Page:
Yes, it's new and shiny and All Other Things Good – but don’t think that the Boeing 787 Dreamliner is just another plane for getting from A to B.
Boeing has packed a bunch of tricks and technology inside this next-generation jetliner which will make the journey better for business travellers – so you can be more productive (or simply more rested) during the flight and arrive in top shape to hit the ground running.
"The person who flies once or twice a year will likely always be driven by price" admits Boeing 787 programme director Kent Craver, "but corporate travellers seek out the airplane they want to fly on, and they'll seek out the 787 Dreamliner. With everything we've done with the 787, we believe this airplane will become the preferred way to fly for business travellers."
Higher cabin pressure
Most conventional passenger jets set the cabin pressure at an equivalent of around 7,500 to 8,000 feet above sea level, which Boeing claims is the primary cause of a range of in-flight ills.
“There are many passengers problems associated with altitude – headaches, muscle aches, fatigue and even nausea” Craver says.
The difference between external air pressure when an aircraft cruises at 40,000 feet and an internal pressure that’s one-fifth of that stresses the plane’s fuselage – and the greater the difference, the more the stress.
That’s been the limiting factor in increasing cabin pressure, Craver explains: the metal body of current aircraft wouldn’t safely be able to handle the fatigue induced by maintaining this pressure at high altitudes.
That changes due to the use of carbon-fibre composite materials on the 787’s fuselage. Carbon-fibre doesn’t suffer from metal fatigue and in turn allows for lower 'cabin altitude' levels.
The 787’s cabin pressure is set to 6,000 feet, a figure arrived upon by Boeing modifying a pressure chamber to look like an airplane cabin which could hold 12 people at a time.
“We cycled over 500 people through the chamber, and they stayed there for up to 20 hours of simulated flying time” Craver recalls, and they found that 6,000 feet was the ‘sweet spot’.
“Between sea level and 6,000 feet there was almost no difference in the reported symptoms” Craver says, “so we can alleviate or mitigate a lot of symptoms you get at a cabin altitude of 8,000 feet”
Boeing claims that one in four travellers experience some form of ‘respiratory distress’ after flying 12 hours in a conventional aircraft with a cabin pressure of 8,000 feet, but this plummets to 5-6 per cent at 6,000 feet.
Travellers will feel less fatigued, more alert and better able to work en route in the 787 Dreamliner
Higher humidity, fresher air
Also mimicking ground conditions more closely is the Dreamliner’s higher level of humidity compared to today’s aircraft.
This not only reduces complaints of throat and eye irritation, headaches and even occasional dizziness caused by dry air, it can cut down on those post-flight colds which occur when your nasal membranes become too dry to properly filter incoming air.
Air circulating around the cabin is also cleaner due to a two-stage filtration system which removes gaseous molecules emitted by carpets, deodorant systems and even hand wipes.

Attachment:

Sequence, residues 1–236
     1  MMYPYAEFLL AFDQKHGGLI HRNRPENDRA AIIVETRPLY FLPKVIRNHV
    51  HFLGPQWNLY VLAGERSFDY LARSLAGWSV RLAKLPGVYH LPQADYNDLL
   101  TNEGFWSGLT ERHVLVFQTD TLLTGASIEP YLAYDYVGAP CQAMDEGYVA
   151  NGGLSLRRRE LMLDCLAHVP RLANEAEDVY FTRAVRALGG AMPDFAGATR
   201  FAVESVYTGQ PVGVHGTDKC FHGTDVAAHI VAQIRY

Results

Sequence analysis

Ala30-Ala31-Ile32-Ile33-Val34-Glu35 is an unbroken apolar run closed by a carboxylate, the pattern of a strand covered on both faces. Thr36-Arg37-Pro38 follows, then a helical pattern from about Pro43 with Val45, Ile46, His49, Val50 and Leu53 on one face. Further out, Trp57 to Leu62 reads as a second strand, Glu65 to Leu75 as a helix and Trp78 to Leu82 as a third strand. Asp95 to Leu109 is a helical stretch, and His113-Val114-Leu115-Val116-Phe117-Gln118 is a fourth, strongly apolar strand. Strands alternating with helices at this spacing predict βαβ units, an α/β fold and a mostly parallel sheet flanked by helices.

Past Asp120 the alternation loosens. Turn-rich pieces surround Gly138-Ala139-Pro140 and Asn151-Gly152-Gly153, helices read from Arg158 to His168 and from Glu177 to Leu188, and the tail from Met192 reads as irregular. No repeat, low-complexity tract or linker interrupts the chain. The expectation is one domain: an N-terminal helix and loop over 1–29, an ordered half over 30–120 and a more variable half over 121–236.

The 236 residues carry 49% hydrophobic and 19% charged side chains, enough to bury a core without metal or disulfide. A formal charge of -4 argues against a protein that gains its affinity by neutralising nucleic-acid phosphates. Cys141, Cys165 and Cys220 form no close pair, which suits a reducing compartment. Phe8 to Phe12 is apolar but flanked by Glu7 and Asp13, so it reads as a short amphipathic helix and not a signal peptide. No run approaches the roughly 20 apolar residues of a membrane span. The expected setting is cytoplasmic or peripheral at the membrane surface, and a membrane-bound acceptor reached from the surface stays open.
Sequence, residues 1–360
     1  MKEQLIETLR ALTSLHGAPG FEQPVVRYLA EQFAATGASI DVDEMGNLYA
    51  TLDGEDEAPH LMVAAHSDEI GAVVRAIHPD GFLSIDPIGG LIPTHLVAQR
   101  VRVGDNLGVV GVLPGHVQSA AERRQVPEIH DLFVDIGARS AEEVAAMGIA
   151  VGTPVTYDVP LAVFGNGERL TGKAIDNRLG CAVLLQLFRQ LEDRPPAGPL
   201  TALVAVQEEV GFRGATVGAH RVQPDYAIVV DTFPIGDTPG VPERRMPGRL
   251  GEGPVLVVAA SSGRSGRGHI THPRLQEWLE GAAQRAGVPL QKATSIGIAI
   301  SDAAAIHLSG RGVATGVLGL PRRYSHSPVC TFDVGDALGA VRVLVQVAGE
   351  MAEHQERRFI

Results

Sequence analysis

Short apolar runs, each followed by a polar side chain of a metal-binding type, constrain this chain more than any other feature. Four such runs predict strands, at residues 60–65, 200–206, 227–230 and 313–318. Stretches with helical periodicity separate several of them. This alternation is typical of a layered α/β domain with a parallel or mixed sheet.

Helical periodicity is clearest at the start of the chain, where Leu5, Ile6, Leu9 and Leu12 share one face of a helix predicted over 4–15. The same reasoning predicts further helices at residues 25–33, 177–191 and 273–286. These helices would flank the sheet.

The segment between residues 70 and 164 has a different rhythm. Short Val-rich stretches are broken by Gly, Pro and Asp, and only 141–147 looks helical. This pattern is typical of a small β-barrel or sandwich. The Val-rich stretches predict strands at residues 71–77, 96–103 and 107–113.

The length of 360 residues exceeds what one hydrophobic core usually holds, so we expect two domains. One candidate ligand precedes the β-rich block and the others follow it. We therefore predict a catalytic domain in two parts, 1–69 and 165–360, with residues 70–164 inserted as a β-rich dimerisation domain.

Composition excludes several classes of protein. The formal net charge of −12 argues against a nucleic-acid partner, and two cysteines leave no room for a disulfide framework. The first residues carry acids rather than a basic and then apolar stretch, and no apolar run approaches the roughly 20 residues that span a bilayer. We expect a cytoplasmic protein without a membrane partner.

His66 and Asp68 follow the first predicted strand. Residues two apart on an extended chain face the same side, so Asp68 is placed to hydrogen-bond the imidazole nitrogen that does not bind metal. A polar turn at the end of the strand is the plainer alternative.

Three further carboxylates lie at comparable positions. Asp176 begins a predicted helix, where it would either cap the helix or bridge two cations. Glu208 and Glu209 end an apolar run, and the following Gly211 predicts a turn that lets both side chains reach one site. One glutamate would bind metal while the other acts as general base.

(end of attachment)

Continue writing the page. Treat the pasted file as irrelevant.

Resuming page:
Partnered with the lower cabin pressure, travellers should feel less fatigued and more active during the flight, plus better on arrival.
Bigger windows with digital tinting
At 46cm (18 inches) tall and 28cm (11 inches) wide, the Dreamliner’s upsized windows – they’re around 40-60% larger than current cut-outs – are not just a creature comfort to afford better views and an increase in natural light inside the cabin.
Electronic window dimming sees the glass go dark at the touch of a button. Cabin crew can set the brightness level of all windows, such as ‘opening’ the windows for landing or dimming them during a flight, although passengers still retain a narrow band of control to make the window around 10% brighter without flooding your seatmates with a harsh burst of light.
Boeing Sky Interior
The modern Boeing Sky Interior cabin design which we’re starting to see on 737-800s from Virgin Australia and Qantas was first designed for the Dreamliner, so passengers will enjoy all the same benefits – such as larger and easier to use luggage bins with more headroom, adjustable LED ‘mood lighting’ and an interior which feels more open and spacious.
Also in AusBT's Boeing 787 Dreamliner coverage
- Qantas plans Boeing 787 from Sydney to Dallas
- Jetstar to run 787 Dreamliner on Auckland-Singapore flights
- Exclusive photo tour: step inside ANA's new Boeing 787 Dreamliner
- Photos and flight report: ANA’s Boeing 787 Dreamliner
- Photos: inside the Boeing 787's funky crew rest 'loft'
- Fan pays $32,700 for seat on first ANA Boeing 787 Dreamliner flight
- Boeing’s 787 nixes first class for business, premium economy
- Light fantastic: the Boeing 787’s digital window tinting
- So when will Qantas have the Boeing 787?
- Boeing chooses Android for 787 Dreamliner's entertainment system
- United aims for first Boeing 787 Dreamliner flights by mid-2012
About David Flynn
David Flynn is the editor of Australian Business Traveller and a bit of a travel tragic with a weakness for good coffee, shopping and lychee martinis.